The Merneptah Stele is an enticing inscription by the Ancient Egyptian king Merneptah discovered in 1896 at Thebes by Flinders Petrie. The inscriptions are put down on a ten foot high piece of black granite. The text contained in these inscriptions is mainly an account of the king’s victories in battle during the last decade of the thirteenth century B. C. E. It is of important archeological significance due to the last few lines in the inscription which is the first known non-biblical reference to Israel.
Some scholars believe that it is significant in that it shows where Israel was and what type of people they were, whereas other believes it “reveals little other than that it locates Israel somewhere in the vicinity of Palestine” (Miller & Hayes 4). Due to the conventions of the time, specific hieroglyphic symbols placed next to the descriptive factors of Israel within this text identifies Israel as a people, not necessarily a place.
Whilst there is a lot of scholarly debate on the exact meaning of the inscription, it is believed that perhaps too much is being read into this inscription and it is really just an account of Pharaoh Merneptah’s victories and that the scribe mentioned to Israel people to add extra weight to these victories. Despite these variations in opinion on the validity of the inscriptions historical significance, the Merneptah Stele does suggest some interesting details about early Israel. Part of the inscription reads “Israel is laid waste, his seed is no more” (Rainey 63).
It has been suggested that, according to other writings of the time, “seed” normally refers to grain (not descendants) which therefore suggests that these people had agricultural skills. It may also be possible that the Israel refers to in the stele are the twelve Israelite tribes referred to in the bible. Within four generations of the twelve sons fleeing the famine in Egypt they were 600,000 men of fighting age (Wylen 18-20) and could have presumably encountered Pharaoh Merneptah’s armies.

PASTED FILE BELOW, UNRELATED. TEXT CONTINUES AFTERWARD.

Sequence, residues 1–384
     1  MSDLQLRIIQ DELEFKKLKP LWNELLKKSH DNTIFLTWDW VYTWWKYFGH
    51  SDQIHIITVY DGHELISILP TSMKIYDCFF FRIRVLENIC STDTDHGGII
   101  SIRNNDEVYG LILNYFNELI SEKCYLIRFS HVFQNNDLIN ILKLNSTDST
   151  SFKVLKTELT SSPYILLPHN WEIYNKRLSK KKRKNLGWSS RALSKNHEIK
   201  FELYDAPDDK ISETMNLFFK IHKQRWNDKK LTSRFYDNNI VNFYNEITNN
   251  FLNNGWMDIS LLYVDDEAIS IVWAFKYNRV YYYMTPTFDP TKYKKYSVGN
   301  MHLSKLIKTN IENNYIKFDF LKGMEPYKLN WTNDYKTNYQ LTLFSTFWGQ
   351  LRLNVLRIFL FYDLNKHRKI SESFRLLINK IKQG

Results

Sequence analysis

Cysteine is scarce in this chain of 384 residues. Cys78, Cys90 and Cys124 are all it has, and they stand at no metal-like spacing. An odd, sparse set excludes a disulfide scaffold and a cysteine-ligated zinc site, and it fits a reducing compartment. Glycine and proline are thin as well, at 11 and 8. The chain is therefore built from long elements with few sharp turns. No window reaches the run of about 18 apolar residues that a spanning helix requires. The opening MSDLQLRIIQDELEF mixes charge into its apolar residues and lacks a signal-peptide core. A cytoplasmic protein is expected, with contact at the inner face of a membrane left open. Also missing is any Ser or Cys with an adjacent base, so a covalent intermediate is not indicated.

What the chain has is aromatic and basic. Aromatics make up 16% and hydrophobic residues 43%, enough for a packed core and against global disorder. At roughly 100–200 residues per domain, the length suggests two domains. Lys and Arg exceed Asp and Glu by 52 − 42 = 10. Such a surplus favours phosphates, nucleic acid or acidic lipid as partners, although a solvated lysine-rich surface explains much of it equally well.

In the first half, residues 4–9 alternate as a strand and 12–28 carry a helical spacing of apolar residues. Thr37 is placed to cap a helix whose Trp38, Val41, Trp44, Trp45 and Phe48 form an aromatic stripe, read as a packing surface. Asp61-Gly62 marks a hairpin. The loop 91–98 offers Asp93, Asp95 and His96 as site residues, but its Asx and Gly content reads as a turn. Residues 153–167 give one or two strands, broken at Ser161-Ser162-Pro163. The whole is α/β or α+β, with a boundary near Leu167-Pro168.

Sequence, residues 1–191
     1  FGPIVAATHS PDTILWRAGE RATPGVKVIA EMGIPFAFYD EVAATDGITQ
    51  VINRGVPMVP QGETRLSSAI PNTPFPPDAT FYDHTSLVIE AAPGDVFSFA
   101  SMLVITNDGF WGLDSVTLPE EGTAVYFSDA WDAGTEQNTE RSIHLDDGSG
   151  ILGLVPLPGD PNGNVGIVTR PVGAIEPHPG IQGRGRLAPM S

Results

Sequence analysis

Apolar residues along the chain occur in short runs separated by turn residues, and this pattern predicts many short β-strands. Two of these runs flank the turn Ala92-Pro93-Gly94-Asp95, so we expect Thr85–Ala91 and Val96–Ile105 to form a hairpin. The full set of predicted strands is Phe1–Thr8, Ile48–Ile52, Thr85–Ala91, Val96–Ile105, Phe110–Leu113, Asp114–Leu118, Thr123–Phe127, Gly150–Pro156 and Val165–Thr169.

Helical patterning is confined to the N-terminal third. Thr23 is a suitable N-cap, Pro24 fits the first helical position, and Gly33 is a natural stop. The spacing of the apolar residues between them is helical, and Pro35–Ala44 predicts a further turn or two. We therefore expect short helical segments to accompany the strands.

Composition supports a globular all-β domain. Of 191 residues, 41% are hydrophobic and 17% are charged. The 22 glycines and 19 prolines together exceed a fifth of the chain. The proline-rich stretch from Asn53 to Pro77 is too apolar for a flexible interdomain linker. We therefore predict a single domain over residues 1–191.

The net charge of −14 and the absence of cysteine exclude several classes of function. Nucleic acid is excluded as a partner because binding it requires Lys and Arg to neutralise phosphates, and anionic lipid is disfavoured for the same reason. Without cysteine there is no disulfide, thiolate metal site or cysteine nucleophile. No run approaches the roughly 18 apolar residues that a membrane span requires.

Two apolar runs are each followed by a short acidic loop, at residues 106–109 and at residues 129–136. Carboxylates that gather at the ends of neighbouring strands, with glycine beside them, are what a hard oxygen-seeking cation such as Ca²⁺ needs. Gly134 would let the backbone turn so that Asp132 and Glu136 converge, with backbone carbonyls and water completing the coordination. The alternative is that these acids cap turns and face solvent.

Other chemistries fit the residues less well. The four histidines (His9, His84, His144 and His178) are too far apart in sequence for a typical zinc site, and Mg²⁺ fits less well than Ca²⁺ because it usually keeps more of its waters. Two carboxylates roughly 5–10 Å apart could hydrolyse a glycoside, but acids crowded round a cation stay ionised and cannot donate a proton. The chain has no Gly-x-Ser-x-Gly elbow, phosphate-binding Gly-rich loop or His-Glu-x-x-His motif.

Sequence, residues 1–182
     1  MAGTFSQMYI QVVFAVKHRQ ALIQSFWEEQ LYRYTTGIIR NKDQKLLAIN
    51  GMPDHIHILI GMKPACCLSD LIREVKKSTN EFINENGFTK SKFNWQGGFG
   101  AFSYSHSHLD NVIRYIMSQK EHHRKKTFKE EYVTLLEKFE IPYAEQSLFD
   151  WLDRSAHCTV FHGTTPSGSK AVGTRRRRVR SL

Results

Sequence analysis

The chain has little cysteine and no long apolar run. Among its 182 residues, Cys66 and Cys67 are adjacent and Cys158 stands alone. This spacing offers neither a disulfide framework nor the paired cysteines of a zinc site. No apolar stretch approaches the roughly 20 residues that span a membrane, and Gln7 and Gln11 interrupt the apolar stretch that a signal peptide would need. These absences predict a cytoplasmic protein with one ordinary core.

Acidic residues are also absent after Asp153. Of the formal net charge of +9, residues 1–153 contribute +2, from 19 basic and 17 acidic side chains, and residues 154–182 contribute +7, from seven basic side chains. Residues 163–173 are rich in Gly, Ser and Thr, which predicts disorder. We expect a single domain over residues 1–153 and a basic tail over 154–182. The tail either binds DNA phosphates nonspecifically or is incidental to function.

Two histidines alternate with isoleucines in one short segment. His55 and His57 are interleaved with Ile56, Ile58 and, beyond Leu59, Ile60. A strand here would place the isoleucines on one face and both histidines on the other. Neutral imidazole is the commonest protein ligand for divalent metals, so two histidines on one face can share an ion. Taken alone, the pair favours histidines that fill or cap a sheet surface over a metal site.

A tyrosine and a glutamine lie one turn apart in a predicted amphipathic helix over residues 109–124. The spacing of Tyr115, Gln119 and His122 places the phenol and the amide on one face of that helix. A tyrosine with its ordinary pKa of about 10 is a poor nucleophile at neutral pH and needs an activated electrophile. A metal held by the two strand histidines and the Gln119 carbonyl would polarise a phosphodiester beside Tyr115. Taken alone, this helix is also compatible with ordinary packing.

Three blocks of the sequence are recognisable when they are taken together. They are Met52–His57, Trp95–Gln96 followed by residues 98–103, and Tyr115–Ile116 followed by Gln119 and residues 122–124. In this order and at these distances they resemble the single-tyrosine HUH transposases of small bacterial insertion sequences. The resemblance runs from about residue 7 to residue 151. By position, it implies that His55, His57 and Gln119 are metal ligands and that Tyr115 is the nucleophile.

If it is believed that ‘Israel’ indicates a nation and not just a people, the above reference is very telling. It indicates that at the time of engraving, the nation of Israel held enough significance to be included by name among the other major city-states which were defeated by Merneptah in the late 13th century B. C. This implies that Israel was a major player in the region during the late 13th century, serving to corroborate to a degree the biblical narrative.
Much archaeological evidence indicates that the people of Israel appeared in the central hill country around Palestine in a complex process that began not before 1200 BC. The Merneptah Stele witnesses a significant population group that was well established by 1209 BC. This raises the question- where in the archaeological record are the Israelites that Merneptah fought? This is just one of the many questions raised in this ongoing debate. Another debate which has developed around the Merneptah stele is whether the Israel people where hill people or valley people.
Within the Karnak reliefs (Hieroglyphs found in the Karnak temple on the opposite side of the Nile from where the Merneptah stele was discovered) there are a people (presumed by some to be people from the Israeli nation) depicted riding chariots. This type of transport would not have been used by people who lived in hilly regions. Also the fact that they are skilled in agriculture would suggest that they would more likely be living in open plains within the lowlands, not the hills.
This contradicts some scholars who believed the Israeli people to have come from the hills and belong to the same nation as the Canaanites. Overall the Merneptah stele has prompted more questions than it has answered. Interesting ideas can come from interpreting the inscriptions, as long as the context in which they were inscribed are taken into account and the interpretations drawn out are dealt with in a way in which reflect the complexities which exist in trying to interpret such minimal information.
University/College: University of Arkansas System
Type of paper: Thesis/Dissertation Chapter
Date: 30 November 2016
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